Another day

I saw it in his eyes.
He was finished.
Had reached the end of his rope.
Tired, exhausted, weary to the point of unresponsiveness, he slumped on the bench right at the door where I was standing. 

There is a difference between being tired, exhausted, and weary. Over the last few months I had seen him move through all the stages.
He had been sleeping all afternoon, he told me, and slept 12 hours the previous night, but he was still tired. 
The week before he had said he wanted to enter detox but—like for almost anything urgent in this world—there was a waiting list, and he was not able to get in. 
Waiting in his state of mind was like a death sentence and the idea died with the next drink. 
Now, two weeks later, he was exhausted from exploiting all his resources for drugs and booze and had reached the point of weariness. 
He just wanted, 

“. . . out, to get away . . .” 
his voice trailed off in a half spoken,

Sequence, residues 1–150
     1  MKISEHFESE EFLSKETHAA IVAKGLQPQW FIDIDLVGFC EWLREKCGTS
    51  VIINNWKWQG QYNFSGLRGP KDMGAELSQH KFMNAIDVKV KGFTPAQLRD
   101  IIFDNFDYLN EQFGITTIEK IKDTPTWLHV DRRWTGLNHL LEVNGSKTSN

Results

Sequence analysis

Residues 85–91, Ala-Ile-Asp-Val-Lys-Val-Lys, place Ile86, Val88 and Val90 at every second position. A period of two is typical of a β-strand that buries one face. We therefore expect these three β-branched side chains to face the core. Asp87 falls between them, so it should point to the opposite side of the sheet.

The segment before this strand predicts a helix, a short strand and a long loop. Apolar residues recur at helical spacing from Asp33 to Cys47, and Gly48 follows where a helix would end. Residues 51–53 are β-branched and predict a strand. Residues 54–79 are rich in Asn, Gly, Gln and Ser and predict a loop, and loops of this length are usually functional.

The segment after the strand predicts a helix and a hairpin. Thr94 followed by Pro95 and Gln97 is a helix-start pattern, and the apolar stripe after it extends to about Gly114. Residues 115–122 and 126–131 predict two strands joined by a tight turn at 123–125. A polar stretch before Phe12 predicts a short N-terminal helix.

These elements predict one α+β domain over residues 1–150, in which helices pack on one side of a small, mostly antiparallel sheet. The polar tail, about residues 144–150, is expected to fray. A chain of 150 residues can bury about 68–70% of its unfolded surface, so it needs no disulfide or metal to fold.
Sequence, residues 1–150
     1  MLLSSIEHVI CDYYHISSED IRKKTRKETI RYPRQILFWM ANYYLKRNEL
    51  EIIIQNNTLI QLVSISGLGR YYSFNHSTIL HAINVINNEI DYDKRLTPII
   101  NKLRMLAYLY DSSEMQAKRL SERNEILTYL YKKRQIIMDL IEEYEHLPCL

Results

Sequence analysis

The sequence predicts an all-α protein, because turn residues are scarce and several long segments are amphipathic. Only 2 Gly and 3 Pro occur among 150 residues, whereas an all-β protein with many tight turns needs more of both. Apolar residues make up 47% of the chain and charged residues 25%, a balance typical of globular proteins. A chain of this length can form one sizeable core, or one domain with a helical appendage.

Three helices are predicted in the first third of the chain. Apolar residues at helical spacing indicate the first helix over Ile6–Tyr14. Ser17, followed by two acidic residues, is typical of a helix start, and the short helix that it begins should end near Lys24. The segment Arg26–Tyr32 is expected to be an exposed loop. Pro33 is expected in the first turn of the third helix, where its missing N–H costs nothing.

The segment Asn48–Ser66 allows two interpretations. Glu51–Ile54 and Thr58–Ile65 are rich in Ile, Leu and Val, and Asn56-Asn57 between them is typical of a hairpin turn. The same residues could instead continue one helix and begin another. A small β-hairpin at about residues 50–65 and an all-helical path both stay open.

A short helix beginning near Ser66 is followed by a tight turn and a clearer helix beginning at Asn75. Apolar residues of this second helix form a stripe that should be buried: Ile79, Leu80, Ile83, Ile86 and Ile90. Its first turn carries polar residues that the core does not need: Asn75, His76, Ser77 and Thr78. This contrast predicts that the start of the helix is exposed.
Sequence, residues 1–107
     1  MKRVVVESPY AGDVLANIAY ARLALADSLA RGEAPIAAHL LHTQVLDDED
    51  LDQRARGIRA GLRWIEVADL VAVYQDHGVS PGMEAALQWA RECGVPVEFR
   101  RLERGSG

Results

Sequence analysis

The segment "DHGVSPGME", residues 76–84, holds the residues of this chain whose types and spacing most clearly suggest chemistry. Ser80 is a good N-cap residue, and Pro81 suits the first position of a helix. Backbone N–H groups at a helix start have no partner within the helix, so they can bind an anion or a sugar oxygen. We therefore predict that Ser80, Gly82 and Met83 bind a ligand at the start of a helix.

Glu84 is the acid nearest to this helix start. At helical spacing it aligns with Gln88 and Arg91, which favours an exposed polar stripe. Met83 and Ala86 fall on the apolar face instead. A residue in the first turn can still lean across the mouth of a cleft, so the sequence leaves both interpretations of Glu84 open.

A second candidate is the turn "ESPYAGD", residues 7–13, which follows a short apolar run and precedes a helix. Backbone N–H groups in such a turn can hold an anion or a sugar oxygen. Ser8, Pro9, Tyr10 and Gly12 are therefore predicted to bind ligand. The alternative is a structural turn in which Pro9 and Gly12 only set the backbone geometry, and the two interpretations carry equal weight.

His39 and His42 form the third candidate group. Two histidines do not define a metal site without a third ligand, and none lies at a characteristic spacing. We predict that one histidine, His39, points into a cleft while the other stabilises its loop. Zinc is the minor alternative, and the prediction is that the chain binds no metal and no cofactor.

“Fu . . .” 

Here was “my party-boy,” always full of energy, boisterous laughter and under the influence of one substance or another—physically ill and mentally worn-out. 
I sat beside him and asked him where he was staying, 

“I don’t know . . .” 

In the end he just wanted to go to a 24-hour drop-In; he hated shelters.
I realized any distraction or temptation along the way could be fatal, so I hailed a cab. I knew the story was not finished, but for today the ending was about as happy as it was going to get. $10 bought him another day.
He said, 

“Thank you,” 
while he collapsed on the backseat, and I could tell he actually meant it.